Today, my head is filled with statistics. I happened to hear on BBC radio Thursday night an interview about the economy of the movie industry these days. It's been chattering in my brain for a few days. It doesn't sound that much different from the rest of the economy, being that if you're a big studio, you can get financing for films because you're sharing the burden of the risk. If you're an independent studio it gets more problematic, and individuals hoping to make films are back-burnered for financing for the foreseeable future. I betcha orchard financing looks about the same.
What this means is that last year 600 films were made and released (multiply that by 3 and you know how many scripts were in various stages of development), and this year 200 films were made and released. For the 200 films released this was good news because they got the lion's share of the movie-goer's dollar. Being in a recession means that more people went to the movies, too, and so the studios are actually coming out of this economic downturn smelling like roses. I bet agribusiness looks about the same.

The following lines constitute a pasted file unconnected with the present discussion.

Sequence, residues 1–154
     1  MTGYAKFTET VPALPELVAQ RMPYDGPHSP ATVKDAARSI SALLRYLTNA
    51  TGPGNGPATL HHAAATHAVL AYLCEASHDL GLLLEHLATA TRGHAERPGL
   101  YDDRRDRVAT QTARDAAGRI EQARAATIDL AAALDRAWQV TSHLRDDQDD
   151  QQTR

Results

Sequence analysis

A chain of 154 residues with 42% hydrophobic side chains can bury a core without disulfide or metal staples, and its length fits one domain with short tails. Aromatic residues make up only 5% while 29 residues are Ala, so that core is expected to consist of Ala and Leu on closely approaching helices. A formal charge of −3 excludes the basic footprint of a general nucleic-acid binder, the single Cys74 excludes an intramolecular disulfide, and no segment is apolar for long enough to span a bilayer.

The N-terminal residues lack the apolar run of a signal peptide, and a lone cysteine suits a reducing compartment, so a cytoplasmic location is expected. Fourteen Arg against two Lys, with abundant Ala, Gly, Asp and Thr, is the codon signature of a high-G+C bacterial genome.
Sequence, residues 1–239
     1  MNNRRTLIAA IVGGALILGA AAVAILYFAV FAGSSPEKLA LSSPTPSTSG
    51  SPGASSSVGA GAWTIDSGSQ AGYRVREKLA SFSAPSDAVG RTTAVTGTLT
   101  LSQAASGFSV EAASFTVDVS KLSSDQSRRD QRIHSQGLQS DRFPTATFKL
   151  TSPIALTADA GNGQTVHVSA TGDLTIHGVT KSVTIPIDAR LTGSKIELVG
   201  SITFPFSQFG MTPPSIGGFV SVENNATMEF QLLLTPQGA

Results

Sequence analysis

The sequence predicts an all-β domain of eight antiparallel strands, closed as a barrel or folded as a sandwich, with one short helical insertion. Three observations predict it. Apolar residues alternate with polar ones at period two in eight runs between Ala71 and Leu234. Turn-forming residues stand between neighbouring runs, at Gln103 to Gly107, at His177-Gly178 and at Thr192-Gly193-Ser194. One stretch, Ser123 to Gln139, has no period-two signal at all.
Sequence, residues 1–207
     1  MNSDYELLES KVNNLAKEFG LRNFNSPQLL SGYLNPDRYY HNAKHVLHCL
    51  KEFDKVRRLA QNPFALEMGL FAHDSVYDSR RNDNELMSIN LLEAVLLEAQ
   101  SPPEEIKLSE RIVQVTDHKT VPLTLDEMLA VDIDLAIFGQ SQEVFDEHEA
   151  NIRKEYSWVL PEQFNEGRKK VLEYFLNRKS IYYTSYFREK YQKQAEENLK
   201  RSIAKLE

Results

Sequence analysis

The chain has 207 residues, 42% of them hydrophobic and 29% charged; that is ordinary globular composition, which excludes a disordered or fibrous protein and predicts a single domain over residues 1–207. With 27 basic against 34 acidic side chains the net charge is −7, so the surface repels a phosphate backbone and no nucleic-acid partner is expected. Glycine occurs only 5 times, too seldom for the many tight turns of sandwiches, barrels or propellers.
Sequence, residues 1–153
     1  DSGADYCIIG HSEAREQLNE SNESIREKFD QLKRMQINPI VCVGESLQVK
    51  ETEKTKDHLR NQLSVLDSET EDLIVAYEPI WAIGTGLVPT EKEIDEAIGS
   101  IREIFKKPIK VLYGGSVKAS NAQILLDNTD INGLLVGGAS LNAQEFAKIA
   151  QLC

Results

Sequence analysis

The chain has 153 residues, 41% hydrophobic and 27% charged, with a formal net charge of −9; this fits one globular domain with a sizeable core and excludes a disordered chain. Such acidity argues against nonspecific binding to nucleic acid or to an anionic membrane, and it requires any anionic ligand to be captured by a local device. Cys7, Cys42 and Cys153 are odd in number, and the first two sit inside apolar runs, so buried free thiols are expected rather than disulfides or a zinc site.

So, that leaves me feeling I have little option but to write towards the potential market that has money to burn -- the studio. Ack. I have to find a reason in my heart to believe that a studio will be taking risks on unproven writers in the coming roller coaster business cycles. It feels hard. It feels innately competitive. It feels like I would have to focus 100% on the goal of writing the seamless script.
Am I talking myself into it, or out of it? Obviously, if I knew it was wrong or right, that would help. How could I possibly know? Hmmmmmmm. How does this feeling compare to the feeling of sitting in an orchard on a summer's day? Hmmmmmmm. Quite different. This feels more like a high-rise in a smoggy city. This feels more like grit your teeth in a cubicle and figure out a strategy on the computer screen. Hmmmmmmm. This feels like self-imposed stress, and also like a success that would require repeating it infinitum.
Though I understand the necessity of pursuing writing in such a way for many very ambitious people, for me it delivers nothing for me to stand on, to believe in. Therefore, I'm sitting down on this rock of fear I've stumbled upon and thinking of how to use it as a landscape feature rather than counting on it for any kind of nutrition. This landscape feature in my orchard represents the facts I know that simply have little bearing on what I truly want to accomplish. I can look at this big boulder and say, "Look. See? I know."
Then I can wait for the soil test to come back.